- Affordable housing
- Just a place to sleep?
- Multifunctional mixed neighbourhoods
- Everything – everywhere – anytime?
- Home Office – will we stay there?
- Sustainable real estate development
The New Mobility – Multimodal, Resource-Saving, Climate-Neutral
In many cities and regions, motorised individual transport is still the dominant mode of transport, at least in terms of its visibility and land use. Sometimes the “optimisation” of private transport is still the focus of planning considerations, even though the limits of its capacity have long been exceeded in many places – but times are changing! More and more cities and urban regions are focusing on reducing the use of private motor vehicles and promoting environmental mobility – walking and cycling combined with attractive public transport services are on the agenda.
At the same time, intensive efforts are being made to convert individual motorised mobility as well as freight transport from combustion engines to emission-free drive systems – e-mobility is the keyword, along with developments such as autonomous driving and an increasing importance of "using instead of owning", i. e. sharing models. Despite all these efforts, how long will it take before we can actually speak of a mobility revolution?
What technological, socio-political and spatial structural changes are necessary to move the modal split further in the direction of environmentally friendly modes of transport? What about the social acceptance of the necessary measures? In any case, the individual forms of transport must not be considered in isolation, but joint efforts are needed to make the transport system sustainable and intermodal.
- Inter- and multimodality, multifunctional mobility hubs.
- walkability, bikeability
- mobility technologies: status – development – perspectives: e-mobility, autonomous driving, ...
- superinfrastructures: high-speed railway lines, “intelligent” roads, technologies of the future
- airports and ports: passengers and freight (“The night flight”)
Spatial Patterns: Urban, Rural, Peripheral – The Urban, The Rural and The Sprawl
We all know the typical patterns of urban and rural space. But what about the urban periphery of urban regions? Where does it begin, where does it end, how are the transitions defined? And how do we deal with it in the future? The big problem of peripheral structures is their extensive dependence on the transport network and often a concomitant compulsion to use the car, because the sprawling areas with low population density do not allow for urban supply density and there are often no developed centres like in rural areas.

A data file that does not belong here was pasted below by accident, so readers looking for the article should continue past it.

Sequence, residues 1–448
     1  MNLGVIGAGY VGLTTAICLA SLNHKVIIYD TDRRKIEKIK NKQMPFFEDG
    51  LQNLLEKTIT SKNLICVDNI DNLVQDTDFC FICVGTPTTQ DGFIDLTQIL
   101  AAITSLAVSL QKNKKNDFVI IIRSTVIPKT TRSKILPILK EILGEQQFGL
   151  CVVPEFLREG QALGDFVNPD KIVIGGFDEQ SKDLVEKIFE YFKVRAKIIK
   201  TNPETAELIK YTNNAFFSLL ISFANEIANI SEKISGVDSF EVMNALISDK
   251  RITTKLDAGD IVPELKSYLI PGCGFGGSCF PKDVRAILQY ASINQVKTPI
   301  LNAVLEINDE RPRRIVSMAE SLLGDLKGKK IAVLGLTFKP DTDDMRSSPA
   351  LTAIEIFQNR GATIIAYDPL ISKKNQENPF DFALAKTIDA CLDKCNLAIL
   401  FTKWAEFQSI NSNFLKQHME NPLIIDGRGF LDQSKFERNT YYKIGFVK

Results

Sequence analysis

The periphery is experiencing growth from both sides: on the one hand, city dwellers are leaving the city to settle on the outskirts, because the desire for a home in the countryside is still the top priority for large sections of the population.
How can spatial planning intervene to address the failures of recent decades? Can we transform the periphery into urban and/or rural areas in order to get away from the mobility-heavy lifestyle of the residents there? How can such processes be initiated in order to be accepted by the population in the long term? And what problems will soon arise when their inhabitants are no longer able to be mobile to the required extent in old age?
What does our cultural heritage teach us? What experiences can we draw from our past to make places, cities and regions more attractive and strengthen their identity? Can we also use such considerations to give rural areas affected by shrinkage a future? Or will we eventually have to come to terms with the fact that, despite all efforts, some areas can ultimately only be "run down" in an orderly fashion?
- Traditional and new urbanism
- Mixed Cities, short distances
- Urban Countryside
- Rural City
- Metropolitan region
- Urban Farming
- Circular Economy
- Cultural Heritage
Internet-based services have long since become an indispensable part of everyday life. The Internet of Things is an essential building block of our society and living space; it links and networks physical objects with virtual space to automate, monitor and control processes. With the new 5G networks, internet availability and bandwidths will be significantly strengthened. Internet-based sensor networks facilitate digitalisation on both a small and large scale: one's own home can be networked into a smart home, Building Information Modelling (BIM) uses the virtual likeness of an entire building from planning to operation, even entire cities (smart cities) use the possibilities and advantages of network-based applications.
What possibilities and applications will the future bring? How does the smart city of the 3rd millennium work? Which innovations are on the verge of a breakthrough? How does the virtualisation of planning work, what challenges can it overcome? The amount of data available is growing - how do we find our way around it and how can we use it?
- 5G and beyond
- IoT – Internet of Things
- Sensor Networks
- Digital Twins of Cities
- Building and Construction, Maintenance…
- Planning Technologies, Data Sources, from data to knowledge and wiser decisions